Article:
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CISG CASE PRESENTATION

Netherlands 8 July 2009 District Court 's-Gravenhage (Fruitpartner BV v. Helfer Overseas Fruit Distributor SA) [translation available]
[Cite as: http://cisgw3.law.pace.edu/cases/090708n1.html]

Primary source(s) of information for case presentation: Netherlands case law website

Case Table of Contents


Case identification

DATE OF DECISION: 20090708 (8 July 2009)

JURISDICTION: Netherlands

TRIBUNAL: Rb 's-Gravenhage [Rb = Arrondissementsrechtbank = District Court]

JUDGE(S): Unavailable

CASE NUMBER/DOCKET NUMBER: 324074 / HA ZA 08-3751

CASE NAME: Fruitpartner BV v. Helfer Overseas Fruit Distributor SA

CASE HISTORY: Unavailable

SELLER'S COUNTRY: [-]

BUYER'S COUNTRY: [-]

GOODS INVOLVED: [-]


Classification of issues present

APPLICATION OF CISG: [-]

APPLICABLE CISG PROVISIONS AND ISSUES

Key CISG provisions at issue: Articles 38 ; 39

Classification of issues using UNCITRAL classification code numbers:

Unavailable

Descriptors: Unavailable

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Editorial remarks

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Citations to case abstracts, texts, and commentaries

CITATIONS TO ABSTRACTS OF DECISION

(a) UNCITRAL abstract: Unavailable

(b) Other abstracts

Unavailable

CITATIONS TO TEXT OF DECISION

Original language (Dutch): Netherlands case law website <http://www.rechtspraak.nl/>

Translation (English): Text presented below

CITATIONS TO COMMENTS ON DECISION

Unavailable

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Case text (English translation) [first draft]

The CISG Translation Network

The Netherlands 8 July 2009 District Court's-Gravenhage
(Fruitpartner B.V. v. Helfer Overseas Fruit Distributor S.A.)

Translation [*] by Judy C.C. Hsieh [**]

Case summary

The legal issue involved in the present case

On 30 November and 4 December of 2007 Fruitpartner B.V. [hereinafter referred to as “Seller”] sold 24 pallets of Peruvian mangoes to Helfer S.A. [hereinafter referred to as “Buyer”], the contracts stipulated that 24 pallets of Peruvian mangoes are to be delivered in Maasdijk at the premises of Cool Control B.V., a cold storage facility. Subsequent to the delivery of the goods, they were dispatched to Switzerland as instructed by Buyer. [Paragraph 2.2]. The first pallet arrived on 1 December and the second pallet was delivered on 5 December 2007. Internal rotting of the mangoes was detected on 7 or 8 December 2007. On 10 December 2007 an examination was conducted by a Swedish expert and the mangoes were disapproved by the expert [Paragraph 4.4]. The Buyer voiced his dissatisfaction over the non-conforming goods on 8 December (via telephone) and 11 December 2007 (in writing) [Paragraphs 2.3 & 4.5]. The legal issue involved in the present case, is whether the notification on 8 December and 11 December 2007 can be qualified as a notification within a reasonable time pursuant to Art. 39(1) CISG.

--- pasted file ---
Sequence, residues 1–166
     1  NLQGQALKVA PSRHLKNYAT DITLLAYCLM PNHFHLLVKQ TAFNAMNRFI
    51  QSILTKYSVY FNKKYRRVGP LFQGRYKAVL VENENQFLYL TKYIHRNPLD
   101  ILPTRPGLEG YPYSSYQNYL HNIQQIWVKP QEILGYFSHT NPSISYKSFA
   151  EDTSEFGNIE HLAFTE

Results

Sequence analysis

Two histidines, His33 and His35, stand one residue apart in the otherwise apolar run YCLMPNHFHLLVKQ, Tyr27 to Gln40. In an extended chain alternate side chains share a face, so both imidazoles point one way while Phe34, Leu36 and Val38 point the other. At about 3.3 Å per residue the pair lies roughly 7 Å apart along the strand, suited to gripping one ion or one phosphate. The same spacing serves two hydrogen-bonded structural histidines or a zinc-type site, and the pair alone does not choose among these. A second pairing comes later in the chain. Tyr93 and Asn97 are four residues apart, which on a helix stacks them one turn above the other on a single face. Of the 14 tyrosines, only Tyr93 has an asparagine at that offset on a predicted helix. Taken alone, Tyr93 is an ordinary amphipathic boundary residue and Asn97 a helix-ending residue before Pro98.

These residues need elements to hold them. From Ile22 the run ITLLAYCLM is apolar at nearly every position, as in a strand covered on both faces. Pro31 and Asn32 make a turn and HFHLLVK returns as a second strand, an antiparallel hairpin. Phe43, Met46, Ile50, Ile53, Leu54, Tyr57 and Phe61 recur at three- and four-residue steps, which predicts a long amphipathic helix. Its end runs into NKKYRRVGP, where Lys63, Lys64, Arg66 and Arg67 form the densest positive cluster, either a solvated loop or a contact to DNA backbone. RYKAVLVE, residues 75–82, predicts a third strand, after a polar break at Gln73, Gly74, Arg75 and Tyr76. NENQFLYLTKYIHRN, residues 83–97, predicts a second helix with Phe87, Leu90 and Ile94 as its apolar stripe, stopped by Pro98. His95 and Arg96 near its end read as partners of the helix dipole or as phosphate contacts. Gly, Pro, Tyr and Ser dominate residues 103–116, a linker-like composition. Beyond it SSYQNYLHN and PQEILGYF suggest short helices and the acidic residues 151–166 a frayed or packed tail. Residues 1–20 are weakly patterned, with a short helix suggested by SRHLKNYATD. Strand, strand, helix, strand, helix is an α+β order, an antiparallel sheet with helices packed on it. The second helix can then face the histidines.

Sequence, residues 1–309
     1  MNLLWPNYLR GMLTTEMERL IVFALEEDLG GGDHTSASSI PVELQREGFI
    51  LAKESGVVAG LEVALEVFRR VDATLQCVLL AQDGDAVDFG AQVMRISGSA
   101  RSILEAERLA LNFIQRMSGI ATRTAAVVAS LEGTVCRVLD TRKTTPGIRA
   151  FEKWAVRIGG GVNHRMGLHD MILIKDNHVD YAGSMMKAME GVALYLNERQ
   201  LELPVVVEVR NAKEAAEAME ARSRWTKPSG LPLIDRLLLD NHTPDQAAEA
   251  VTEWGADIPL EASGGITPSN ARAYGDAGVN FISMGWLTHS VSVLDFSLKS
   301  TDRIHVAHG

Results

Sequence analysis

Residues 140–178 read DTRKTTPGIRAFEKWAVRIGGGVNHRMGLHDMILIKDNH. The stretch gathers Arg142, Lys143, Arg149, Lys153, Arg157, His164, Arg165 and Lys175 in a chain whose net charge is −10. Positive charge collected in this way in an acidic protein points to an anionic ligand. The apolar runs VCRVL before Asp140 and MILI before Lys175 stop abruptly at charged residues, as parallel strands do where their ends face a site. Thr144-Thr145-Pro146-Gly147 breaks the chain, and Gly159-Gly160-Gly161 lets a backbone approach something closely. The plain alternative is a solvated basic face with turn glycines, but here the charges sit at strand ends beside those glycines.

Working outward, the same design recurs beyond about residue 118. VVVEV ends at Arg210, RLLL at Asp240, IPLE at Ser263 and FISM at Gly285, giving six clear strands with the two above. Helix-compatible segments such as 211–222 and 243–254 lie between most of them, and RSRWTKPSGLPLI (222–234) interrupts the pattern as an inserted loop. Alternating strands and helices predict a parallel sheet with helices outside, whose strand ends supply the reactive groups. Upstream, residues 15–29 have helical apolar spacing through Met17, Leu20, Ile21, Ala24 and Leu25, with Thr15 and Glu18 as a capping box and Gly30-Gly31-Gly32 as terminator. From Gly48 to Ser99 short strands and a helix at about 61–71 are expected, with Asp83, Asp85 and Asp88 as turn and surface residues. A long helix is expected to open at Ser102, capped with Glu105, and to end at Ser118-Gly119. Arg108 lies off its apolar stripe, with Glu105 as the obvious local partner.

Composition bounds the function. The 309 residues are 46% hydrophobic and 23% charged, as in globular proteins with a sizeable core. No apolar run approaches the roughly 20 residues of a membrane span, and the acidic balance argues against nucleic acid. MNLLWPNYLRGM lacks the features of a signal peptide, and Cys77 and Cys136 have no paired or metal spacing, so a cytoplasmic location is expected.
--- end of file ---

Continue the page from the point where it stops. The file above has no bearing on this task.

The ruling of the court

The District Court of The Hague held that since mangoes are to be qualified as perishable goods the Buyer is required to act especially fast in notifying the Seller about the lack of conformity [Paragraph 4.5]. The contracts did not involve carriage of the goods to Switzerland and because the goods were prone to rapid deterioration, the Buyer was not allowed to defer examinations of the mangoes until after its arrival in Switzerland. Art. 38(2) CISG is not applicable in the present case [Paragraph 4.5].

Prior to the transfer of ownership and the passing of risk, the Buyer should and more importantly could have uncovered problems with the mangoes, by examining the mangoes (pursuant to Art. 38 CISG) upon arrival in Maasdijk and the Buyer should not have waited to examine the goods approximately one week after the delivery of the mangoes, at that time the Buyer had already lost its right to object against the bad quality of the goods, pursuant to Art. 39 CISG [Paragraph 4.7]. The Buyer could have easily conducted examination of the mangoes prior to the transport to Switzerland, because the Seller [Fruitpartner B.V.] and a subsidiary of the Buyer [Helfer Sales S.A] and Cool Control B.V. are located on the same premises [Paragraph 4.3]. Consequently, the Buyer’s complaints about the lack of conformity on 8 (via telephone) and 11 December 2007 (in writing) cannot be qualified as a notice within “reasonable time” pursuant to Art. 39 CISG, because the Buyer should have relayed the lack of conformity to the Seller upon delivery of the goods in Maasdijk on 30 November and 4 December 2007 [Paragraph 4.5]. By failing to do so, the Buyer has lost his right to rely on lack of conformity [Paragraph 4.9].

Judgment

DISTRICT COURT OF THE HAGUE Civil branch

Docket number: 324074/ HA ZA 08-3751
Judgment date: 8 July 2009

In the case of

The private limited liability company FRUITPARTNER B.V., established in Venlo
Counsel: mr. A.D.A. Quaedvlieg; Trial Attorney: mr. E. Grabrandt,

Against

The legal entity under Swiss law HELFER OVERSEAS FRUIT DISTRIBUTOR S.A., established in Gland, Switzerland
Counsel: mr. F. th. P. van Voorst

The District Court shall hereinafter refer to the parties as Fruitpartner B.V. [Seller] and Helfer S.A. [Buyer]

  1. Proceeding at the District Court

1.1 Progress of the proceeding based on the following items: